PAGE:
Our contributing editor, Parimal Kashyap, reviews the judicial developments in 2019 by analysing some important Supreme Court rulings.
In the latest post of our theme based blog series, Vartika Jain identifies the offences proposed to be shifted to in-house adjudication by the Company Law Committee, 2019 and sheds light on the arbitrability of such disputes.
In this article of our theme-based blog posts, Smriti Shukla addresses persisting glitches in the Arbitration and Conciliation (Amendment) Act, 2019, specifically in the context of Section 29A which lays down a mandatory time limit for an arbitral tribunal to render its award in an India-seated arbitration. This article will attempt to examine the Pandora's Box opened by this Section 29A in the act, with the view that it violates newly incorporated Section 42A of the Act which talks about Confidentiality of the arbitral proceedings.
In the second post of our theme-based blog post series, Pranav V Kamnani article seeks to examine the scope for intervention of a court while appointing an arbitrator, the issues that a court must examine before appointing an arbitrator and what are the issues that a court must leave to the wisdom of the tribunal in order to effectuate the principle of ‘Kompetenz Kompetenz’. Through this article, Pranav intends to shed some light to all these complex legal questions that arise during the appointment of an arbitrator under Section 11 of the Arbitration and Conciliation Act, 1996.
In the first post of our themed based blog posts, Aditya Vyas and Kavya Jha write on impact of the growing trend of considering the host state’s development level on India and similar economies.
On December 10, 2019, the Supreme Court passed a judgment in BGS SGS Soma JV v. NHPC Ltd., delving, yet again, into the seat-venue debate and taking a different viewpoint from the earlier settled law. In this blog post, Anshritha Rai (5th-yr, ILS, Pune) analyses the issues addressed by the court and writes her critical remark over the decision.
Over the course of development of arbitration law in India, a number of debates have come into prominence with respect to the interplay of arbitral tribunals and the established courts. In this post, Siddhant Ahuja (3rd-yr, RMLNLU) analyses the recent decision of the Bombay High Court in Aniket SA Investments LLC v. Janapriya Engineers Syndicate Private Limited & Ors., in an attempt to find the correct interpretation of law relating to the jurisdiction of the court at the designated seat of arbitration and its consequent supervisory jurisdiction.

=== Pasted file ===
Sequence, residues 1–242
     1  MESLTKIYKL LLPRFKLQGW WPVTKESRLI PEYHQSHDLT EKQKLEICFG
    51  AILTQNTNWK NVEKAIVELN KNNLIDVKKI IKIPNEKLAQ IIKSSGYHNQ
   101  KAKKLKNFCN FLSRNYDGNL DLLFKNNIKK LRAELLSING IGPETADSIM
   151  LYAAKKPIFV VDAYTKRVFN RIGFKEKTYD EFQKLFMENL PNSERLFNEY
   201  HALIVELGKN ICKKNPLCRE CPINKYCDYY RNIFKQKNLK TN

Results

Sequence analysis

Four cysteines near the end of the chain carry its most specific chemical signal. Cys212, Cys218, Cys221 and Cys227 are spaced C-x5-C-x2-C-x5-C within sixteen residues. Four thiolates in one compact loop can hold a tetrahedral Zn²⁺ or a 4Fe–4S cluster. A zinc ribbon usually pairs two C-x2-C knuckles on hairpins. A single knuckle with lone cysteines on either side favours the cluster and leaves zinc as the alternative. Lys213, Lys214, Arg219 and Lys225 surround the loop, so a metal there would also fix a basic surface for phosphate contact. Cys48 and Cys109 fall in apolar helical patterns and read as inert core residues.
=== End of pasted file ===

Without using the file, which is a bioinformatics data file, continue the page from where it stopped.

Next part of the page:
In this blog post, Martin Kwan (OBOR Legal Research Centre) discusses an important legal method for dealing with institutional arbitral procedures. Less-experienced arbitration lawyers may not be aware of the importance of the guides on arbitral institutional rules, which results in unequal knowledge in arbitral battlefields. By “guides”, the author refers to the publications which discusses the institution’s interpretation, understanding and cases of its rules. Knowing the rules alone is insufficient without also being acquainted with the institution’s interpretations. When institutional procedural decisions are confidential and hence many remain unpublished, the author believes that consulting the relevant guides becomes the most pragmatic means to familiarize oneself with the interpretations.
In this blog post, Ankit Handa (5th-yr, NLUJ) discusses the issue of repeat appointment of arbitrators. While doing so, he analyses the provisions of the 1996 Act through which a party can challenge an arbitrator on the said ground. He has also discussed the HRD Corporation case of the Apex Court which was one of the first cases to deal with the issue and weighs the relevance of disclosure requirements while bringing the challenge.
In this blog post, Prince Todi (3rd yr, HNLU) discusses the recent arrangement entered between HKSAR and the mainland China which enables the parties to Arbitrations seated outside China and administered by eligible arbitral institutions to seek interim measures through an application submitted to the Chinese Courts. The Arrangement makes Hong Kong the first and the only arbitral seat to provide this benefit to International Parties. Further, the Arrangement being reciprocal in nature enables parties to China-seated arbitrations to obtain similar benefit from the Courts in HKSAR. Among other things, the author has attempted to discuss the possible implications of the said arrangement and the complexities to be faced by others in adopting such an arrangement in the future.